Sniping on ‘Real Housewives of Beverly Hills’ not as fun after suicide
BY LORI RACKL TV Criticfirstname.lastname@example.org September 7, 2011 6:52PM
Taylor Armstrong is shocked at a dinner party where a guest suggested she and husband Russell were weak for trying marriage therapy.
‘THE REAL HOUSEWIVES OF BEVERLY HILLS’ ★★1/2
8 to 9 p.m. Mondays on Bravo
Updated: November 9, 2011 12:23PM
‘Taylor — she has lost a lot of weight,” Lisa Vanderpump purrs, referring to fellow Beverly Hills housewife Taylor Armstrong. “This girl, I promise you, needs help.”
Vanderpump’s prescient but catty observation — along with several other zingers, such as Taylor’s mood going “up and down like a whore’s drawers” — wisely ended up on the cutting-room floor after Bravo re-edited the season opener of “The Real Housewives of Beverly Hills.”
The show’s 11th-hour retooling was prompted by the suicide of Taylor Armstrong’s estranged husband just three weeks before Monday’s Season 2 premiere. In deference to Russell Armstrong’s death, the series opened with a recently taped segment that showed all of the housewives — except Taylor — at Adrienne Maloof’s mansion, where they talked about Russell’s suicide and tried their darnedest to shed some tears for the camera. (Taylor’s BFF on the show, Kyle Richards, looked like the only one genuinely grieving.)
“I just feel so bad for Taylor,” a half-convincing Vanderpump says during the four-minute suicide segment. “She needs our support more than ever.”
Vanderpump had always ranked as a first-round draft pick in my “Real Housewives” fantasy league. Her scathing wit and tough-love sensibility that applied to everyone but her pampered pooch made her fun to watch.
Vanderpump’s disdain for Taylor and bottomless quiver full of barbs didn’t make me laugh anymore; it made me cringe. Trivial squabbles that once might have been amusing, such as Maloof and her henpecked hubby bickering over decorative towels, felt especially inane and petty. And Season 1 story lines that used to sizzle — Camille’s split with actor Kelsey Grammer, and Kyle and Kim Richards’ sister wars — seemed to fizzle.
That’s what happens when grim reality interferes with reality TV. Russell’s suicide cast a heavy pall on this escapist fare, shot six months before the 47-year-old father of three took his own life Aug. 15 in a friend’s L.A. home.
The financially troubled venture capitalist was never a major player in the series. But his deteriorating marriage to Taylor was a key story line last year and seemed ready to keep on giving in Season 2.
Some, including Russell’s mother, have argued that Bravo should scrap or at least postpone the new season in the wake of his death. Producers opted to stick with the original run date and hunker down in the editing room to make a few nips and tucks — something these Botox-filled housewives know well.
The original premiere, which was sent to TV critics before Russell died, shows Taylor shopping at a store called Trashy Lingerie in an effort to get out of her “mommy rut” and liven up her love life. This was (again wisely) axed.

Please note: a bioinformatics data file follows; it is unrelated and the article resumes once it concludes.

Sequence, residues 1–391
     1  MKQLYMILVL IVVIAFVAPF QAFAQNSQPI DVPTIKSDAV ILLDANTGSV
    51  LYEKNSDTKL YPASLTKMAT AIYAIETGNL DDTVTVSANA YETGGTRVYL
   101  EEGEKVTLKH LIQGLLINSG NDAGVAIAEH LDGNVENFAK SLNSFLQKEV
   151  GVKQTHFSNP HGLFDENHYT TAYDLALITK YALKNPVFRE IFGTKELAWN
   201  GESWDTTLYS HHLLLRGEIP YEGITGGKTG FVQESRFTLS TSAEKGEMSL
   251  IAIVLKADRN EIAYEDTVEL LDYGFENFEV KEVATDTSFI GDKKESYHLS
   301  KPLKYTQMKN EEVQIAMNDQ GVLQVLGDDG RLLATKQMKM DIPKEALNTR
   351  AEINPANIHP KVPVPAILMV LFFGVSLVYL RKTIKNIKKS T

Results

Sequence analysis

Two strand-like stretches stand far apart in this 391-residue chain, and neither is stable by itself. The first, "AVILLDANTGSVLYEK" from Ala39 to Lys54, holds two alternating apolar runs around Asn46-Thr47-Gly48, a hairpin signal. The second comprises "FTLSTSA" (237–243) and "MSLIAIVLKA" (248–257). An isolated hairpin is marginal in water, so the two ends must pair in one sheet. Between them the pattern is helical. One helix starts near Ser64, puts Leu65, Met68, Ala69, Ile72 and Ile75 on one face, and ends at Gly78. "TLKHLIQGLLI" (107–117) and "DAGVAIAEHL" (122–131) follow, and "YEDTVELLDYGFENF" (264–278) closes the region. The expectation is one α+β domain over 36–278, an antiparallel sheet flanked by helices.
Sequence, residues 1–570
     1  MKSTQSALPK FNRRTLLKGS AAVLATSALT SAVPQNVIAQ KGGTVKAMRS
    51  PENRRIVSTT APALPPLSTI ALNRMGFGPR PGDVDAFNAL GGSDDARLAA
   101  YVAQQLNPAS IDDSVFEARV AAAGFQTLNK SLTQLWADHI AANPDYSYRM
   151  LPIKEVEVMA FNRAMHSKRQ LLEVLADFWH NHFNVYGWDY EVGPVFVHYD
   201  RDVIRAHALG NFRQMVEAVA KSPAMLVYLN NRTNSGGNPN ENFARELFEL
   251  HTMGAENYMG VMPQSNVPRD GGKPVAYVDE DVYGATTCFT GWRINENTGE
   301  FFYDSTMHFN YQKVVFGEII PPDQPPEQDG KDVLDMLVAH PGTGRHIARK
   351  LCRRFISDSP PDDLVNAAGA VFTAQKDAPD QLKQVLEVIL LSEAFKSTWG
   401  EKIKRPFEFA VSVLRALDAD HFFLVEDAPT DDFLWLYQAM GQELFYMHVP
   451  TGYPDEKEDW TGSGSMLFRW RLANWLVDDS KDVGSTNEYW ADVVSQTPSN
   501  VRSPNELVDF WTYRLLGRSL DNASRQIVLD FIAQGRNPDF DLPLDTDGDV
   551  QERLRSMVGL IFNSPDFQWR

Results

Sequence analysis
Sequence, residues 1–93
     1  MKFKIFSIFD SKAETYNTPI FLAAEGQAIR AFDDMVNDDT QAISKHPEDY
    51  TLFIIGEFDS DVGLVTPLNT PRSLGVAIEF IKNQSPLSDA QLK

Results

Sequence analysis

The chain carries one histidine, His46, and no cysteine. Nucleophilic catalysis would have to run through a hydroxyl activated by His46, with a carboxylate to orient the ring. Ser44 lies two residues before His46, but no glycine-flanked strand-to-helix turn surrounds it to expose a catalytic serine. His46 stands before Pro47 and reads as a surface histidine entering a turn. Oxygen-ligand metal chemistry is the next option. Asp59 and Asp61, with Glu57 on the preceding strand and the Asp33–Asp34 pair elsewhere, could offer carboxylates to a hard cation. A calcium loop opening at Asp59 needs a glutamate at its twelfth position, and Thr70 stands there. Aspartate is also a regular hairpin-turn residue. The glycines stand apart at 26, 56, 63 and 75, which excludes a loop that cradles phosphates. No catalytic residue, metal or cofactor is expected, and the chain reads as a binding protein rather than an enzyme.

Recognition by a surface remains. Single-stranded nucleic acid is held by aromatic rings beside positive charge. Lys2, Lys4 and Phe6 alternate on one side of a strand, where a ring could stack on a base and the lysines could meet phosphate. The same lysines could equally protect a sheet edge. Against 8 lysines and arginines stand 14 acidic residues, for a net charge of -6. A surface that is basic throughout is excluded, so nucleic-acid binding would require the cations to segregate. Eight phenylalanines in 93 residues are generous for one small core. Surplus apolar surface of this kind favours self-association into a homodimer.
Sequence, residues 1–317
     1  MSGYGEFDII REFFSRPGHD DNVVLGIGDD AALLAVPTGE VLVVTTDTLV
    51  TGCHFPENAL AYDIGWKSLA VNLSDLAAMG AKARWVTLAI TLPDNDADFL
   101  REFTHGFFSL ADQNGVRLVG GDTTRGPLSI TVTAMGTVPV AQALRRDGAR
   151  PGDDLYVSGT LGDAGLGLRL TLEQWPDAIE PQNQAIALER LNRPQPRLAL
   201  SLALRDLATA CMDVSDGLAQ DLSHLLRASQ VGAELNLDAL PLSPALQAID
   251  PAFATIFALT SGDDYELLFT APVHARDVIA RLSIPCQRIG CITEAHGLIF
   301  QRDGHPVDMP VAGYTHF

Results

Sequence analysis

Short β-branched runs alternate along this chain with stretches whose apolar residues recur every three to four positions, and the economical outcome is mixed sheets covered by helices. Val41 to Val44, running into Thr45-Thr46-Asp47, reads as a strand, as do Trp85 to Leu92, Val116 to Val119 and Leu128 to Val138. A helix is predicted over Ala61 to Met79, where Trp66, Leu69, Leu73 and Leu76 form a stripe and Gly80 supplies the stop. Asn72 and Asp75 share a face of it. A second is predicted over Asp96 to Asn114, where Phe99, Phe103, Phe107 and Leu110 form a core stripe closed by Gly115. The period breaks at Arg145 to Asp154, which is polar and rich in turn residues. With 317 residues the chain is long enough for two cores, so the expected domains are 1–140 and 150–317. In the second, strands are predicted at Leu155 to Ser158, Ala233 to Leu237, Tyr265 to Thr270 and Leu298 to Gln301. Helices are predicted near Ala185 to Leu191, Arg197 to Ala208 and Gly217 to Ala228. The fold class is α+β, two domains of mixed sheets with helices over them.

What was added: a slightly contrite line from Vanderpump’s husband, Ken Todd, who came off as enlightened as a Neanderthal in the season opener when he drove Taylor to tears by implying that she and Russell were weak for going to marriage therapy.
“I’m an old Englishman and maybe I shouldn’t have said anything,” Todd confesses to the camera.
Footage of Russell doesn’t appear in any of the initial episodes, and he might not be seen at all this season, executive producer Douglas Ross told Us Weekly.
But Taylor’s story — one of an imploding marriage — stays. That much was obvious in Monday’s trailer depicting a distraught Taylor sobbing and screaming.
(One thing — make that one of the only things — I’m looking forward to this season is the addition of Brandi Glanville, ex-wife of “The Playboy Club” star Eddie Cibrian. The trailer showed Glanville and Kim Richards getting into it, with Richards calling Glanville a “slut pig” and Glanville accusing Richards of using crystal meth. Now that’s some good old-fashioned “Real Housewives” fun.)
Cast members and the show’s executive producer spent a good part of this week defending their decision that the show must go on.
“It would really be sweeping suicide under the rug, and that’s what I think we didn’t want to do,” Maloof said Monday on NBC’s “Today.”
She, Vanderpump and Kyle Richards returned to the “Today” set on Tuesday to say Bravo and the cast agreed “to take the high road and do something positive” by educating viewers about suicide and mental illness, citing a suicide prevention hot line number that aired briefly at the end of the show.
“If we could save one life, then our message is getting across,” Maloof said.
Puhleeze. I’m not buying the housewives-as-mental-health-advocates shtick.
They want the show to go on for the same reason they signed up in the first place: They like being on TV.
And I liked watching them as a guilty pleasure. But for now at least, it feels more guilty than pleasurable.